After its entry into the plant cell the ssT-DNA complex crosses the nuclear membrane to enter the nucleus and subsequently integrates into the plant genome. VirD2 and VirE2 are the two most important proteins required for this process. VirF also plays a minor role in the same (Hooykaas, P.J.J. and Shilperoort, R.A. (1992). Agrobacterium and plant genetic engineering. Plant Molecular Biology 19: 15-38). The ss-T-DNA complex is coated by a single molecule of VirD2, attached covalently to the 5′ end of T-DNA; however, a large number of VirE2 molecules (approximately 600 per a 20 kb T-DNA) coat the ssT-DNA complex. The nuclear location signals (NLS) of VirD2 and VirE2 play an important role in nuclear targeting of the ss-T-DNA complex. The two NLS of each VirE2 are important for the continuos nuclear import of ss-T-DNA complex. They keep both sides of nuclear pores simultaneously open. The process of nuclear import is also probably mediated by certain NLS-binding proteins, which are present in plant cytoplasm.
The final step is the incorporation of T-DNA into the plant genome. The integration occurs by illegitimate recombination (Gheysen, G., Villarroel, R. and Van Montagu, M. (1989). Illegitimate recombination in plants: a model for T-DNA integration. Genes Development 5: 287-297), which requires pairing of a few bases, known as micro-homologies. “These homologies are very low and provide just a minimum specificity for the recombination process by positioning VirD2 for the ligation” (de la Riva et al., 1998. Agrobacterium tumefaciens: a natural tool for plant transformation. Elec. J. Biotech. Vol. 1). The 3´-end or adjacent sequences of T-DNA find some homologies with plant DNA and form a gap in 3′-5′ strand of plant DNA. The displaced plant DNA is cut at the 3′-end position of the gap by endonucleases. The first nucleotide of the 5′ attaches to VirD2, and pairs with a nucleotide in the top (5′-3′) plant DNA strand. The 3′ overhanging part of T-DNA and the displaced plant DNA are digested. “Then, the 5′ attached to VirD2 end and other 3′-end of T-strand (paired with plant DNA during since the first step of integration process) joins the nicks in the bottom plant DNA strand.” The repair mechanism of the plant cell is also activated during the process to make the complementary strand using T-DNA strand as a template. VirD2 plays an active role in the integration process (Jayaram, M. (1994). Phosphoryl transfer if FLP recombination: a template for strand transfer mechanisms. Trends Biotechnology. 19: 78-82).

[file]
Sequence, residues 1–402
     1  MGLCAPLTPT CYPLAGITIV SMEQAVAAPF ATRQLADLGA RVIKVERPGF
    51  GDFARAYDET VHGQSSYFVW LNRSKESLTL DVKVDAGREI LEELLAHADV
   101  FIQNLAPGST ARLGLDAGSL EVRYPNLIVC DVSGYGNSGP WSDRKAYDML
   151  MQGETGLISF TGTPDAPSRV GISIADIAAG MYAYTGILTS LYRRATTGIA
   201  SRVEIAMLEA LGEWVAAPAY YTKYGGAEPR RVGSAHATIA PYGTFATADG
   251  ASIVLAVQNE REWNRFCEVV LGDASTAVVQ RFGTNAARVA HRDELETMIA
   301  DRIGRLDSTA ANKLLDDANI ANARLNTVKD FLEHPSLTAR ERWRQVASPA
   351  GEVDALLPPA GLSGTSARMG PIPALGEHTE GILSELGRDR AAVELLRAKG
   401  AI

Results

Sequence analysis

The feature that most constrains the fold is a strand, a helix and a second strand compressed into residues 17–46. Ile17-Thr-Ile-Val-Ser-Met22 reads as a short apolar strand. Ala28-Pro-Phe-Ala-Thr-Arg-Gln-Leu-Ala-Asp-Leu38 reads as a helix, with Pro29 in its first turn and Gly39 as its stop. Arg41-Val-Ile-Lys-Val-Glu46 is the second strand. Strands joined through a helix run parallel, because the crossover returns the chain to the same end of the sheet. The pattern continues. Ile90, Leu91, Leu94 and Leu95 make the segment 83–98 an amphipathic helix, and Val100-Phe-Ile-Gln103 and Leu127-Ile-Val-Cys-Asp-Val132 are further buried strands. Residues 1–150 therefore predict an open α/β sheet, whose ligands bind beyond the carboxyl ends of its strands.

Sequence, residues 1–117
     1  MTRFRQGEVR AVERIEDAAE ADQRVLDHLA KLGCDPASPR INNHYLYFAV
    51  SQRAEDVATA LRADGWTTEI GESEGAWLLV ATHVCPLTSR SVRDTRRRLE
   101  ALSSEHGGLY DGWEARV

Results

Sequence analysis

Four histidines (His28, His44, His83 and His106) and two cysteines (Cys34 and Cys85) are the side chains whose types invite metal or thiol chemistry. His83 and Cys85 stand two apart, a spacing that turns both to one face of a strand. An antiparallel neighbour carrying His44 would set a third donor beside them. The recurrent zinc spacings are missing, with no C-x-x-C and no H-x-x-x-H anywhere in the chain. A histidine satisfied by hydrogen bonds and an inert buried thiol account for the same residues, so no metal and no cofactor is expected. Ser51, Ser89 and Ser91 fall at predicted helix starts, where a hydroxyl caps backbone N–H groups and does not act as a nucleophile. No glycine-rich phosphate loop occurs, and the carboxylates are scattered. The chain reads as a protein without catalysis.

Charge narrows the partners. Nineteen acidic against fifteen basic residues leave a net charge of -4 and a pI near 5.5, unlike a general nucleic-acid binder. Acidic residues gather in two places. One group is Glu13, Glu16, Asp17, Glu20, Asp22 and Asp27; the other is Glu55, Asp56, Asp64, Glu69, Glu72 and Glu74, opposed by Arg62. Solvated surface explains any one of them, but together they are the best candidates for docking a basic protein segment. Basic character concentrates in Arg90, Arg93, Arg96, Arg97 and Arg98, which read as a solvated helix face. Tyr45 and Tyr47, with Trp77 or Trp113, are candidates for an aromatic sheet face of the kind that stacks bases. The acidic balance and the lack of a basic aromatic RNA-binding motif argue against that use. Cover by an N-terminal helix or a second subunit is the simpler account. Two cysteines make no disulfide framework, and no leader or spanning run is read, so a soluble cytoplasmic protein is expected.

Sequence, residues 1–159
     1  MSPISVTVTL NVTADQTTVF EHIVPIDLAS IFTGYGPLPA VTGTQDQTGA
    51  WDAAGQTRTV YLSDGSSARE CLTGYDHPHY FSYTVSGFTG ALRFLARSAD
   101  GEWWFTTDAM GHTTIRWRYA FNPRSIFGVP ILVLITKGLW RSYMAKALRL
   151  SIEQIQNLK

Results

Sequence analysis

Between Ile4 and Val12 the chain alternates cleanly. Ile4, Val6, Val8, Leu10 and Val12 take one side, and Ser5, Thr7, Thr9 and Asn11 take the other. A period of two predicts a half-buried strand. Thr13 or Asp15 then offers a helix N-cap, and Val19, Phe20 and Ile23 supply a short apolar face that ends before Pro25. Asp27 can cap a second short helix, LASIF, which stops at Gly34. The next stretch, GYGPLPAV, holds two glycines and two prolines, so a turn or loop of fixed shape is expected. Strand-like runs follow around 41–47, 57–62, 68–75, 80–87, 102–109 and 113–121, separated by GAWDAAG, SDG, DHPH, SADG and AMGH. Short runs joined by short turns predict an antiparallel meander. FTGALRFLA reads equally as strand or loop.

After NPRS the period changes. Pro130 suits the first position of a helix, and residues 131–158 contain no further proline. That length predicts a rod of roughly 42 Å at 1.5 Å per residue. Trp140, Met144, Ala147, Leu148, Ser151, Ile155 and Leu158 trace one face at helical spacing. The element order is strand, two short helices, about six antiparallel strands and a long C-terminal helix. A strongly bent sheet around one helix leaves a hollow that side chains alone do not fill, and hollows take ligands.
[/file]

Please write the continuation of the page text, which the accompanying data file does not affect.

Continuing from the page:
Here is the figure detailing the complete T-DNA transfer process.